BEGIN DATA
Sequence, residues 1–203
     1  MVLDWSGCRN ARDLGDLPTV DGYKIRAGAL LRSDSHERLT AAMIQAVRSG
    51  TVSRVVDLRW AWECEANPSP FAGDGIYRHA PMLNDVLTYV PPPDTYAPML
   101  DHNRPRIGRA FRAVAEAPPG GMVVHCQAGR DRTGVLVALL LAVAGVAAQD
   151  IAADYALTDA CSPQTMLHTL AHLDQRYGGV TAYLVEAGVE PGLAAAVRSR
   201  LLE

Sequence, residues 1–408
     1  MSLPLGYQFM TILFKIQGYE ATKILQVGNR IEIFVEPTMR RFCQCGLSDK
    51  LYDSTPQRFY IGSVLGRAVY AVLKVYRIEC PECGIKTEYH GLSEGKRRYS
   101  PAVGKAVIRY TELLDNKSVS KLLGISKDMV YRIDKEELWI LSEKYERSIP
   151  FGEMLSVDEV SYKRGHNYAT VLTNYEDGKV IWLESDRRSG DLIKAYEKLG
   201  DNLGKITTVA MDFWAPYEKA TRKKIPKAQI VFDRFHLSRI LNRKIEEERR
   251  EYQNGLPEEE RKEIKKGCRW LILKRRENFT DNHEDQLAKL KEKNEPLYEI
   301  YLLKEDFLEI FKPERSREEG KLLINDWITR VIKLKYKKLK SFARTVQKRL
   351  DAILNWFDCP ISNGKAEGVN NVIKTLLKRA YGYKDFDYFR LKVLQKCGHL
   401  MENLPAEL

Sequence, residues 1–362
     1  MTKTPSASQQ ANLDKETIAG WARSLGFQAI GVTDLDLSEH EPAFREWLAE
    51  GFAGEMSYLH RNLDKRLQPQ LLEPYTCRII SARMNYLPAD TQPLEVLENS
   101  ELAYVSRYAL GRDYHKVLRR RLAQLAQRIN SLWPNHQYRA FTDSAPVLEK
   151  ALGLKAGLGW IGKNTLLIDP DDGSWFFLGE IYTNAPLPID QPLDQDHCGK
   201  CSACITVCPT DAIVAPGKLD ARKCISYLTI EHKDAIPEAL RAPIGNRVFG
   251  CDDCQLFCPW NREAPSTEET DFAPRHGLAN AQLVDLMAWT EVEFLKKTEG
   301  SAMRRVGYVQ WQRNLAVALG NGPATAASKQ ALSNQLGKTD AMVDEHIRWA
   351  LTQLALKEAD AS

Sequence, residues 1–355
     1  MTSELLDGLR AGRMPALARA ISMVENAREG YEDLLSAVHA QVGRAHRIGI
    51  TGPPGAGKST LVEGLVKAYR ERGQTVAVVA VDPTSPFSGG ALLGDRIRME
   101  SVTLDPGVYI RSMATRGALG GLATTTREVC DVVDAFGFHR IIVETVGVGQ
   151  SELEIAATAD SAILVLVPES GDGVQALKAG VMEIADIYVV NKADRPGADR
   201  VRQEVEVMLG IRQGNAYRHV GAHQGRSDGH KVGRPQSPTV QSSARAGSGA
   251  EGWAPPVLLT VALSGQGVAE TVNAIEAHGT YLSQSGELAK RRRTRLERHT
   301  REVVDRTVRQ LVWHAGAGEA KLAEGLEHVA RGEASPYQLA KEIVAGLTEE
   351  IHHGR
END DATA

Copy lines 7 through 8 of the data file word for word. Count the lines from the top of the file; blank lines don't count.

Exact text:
Sequence, residues 1–408
     1  MSLPLGYQFM TILFKIQGYE ATKILQVGNR IEIFVEPTMR RFCQCGLSDK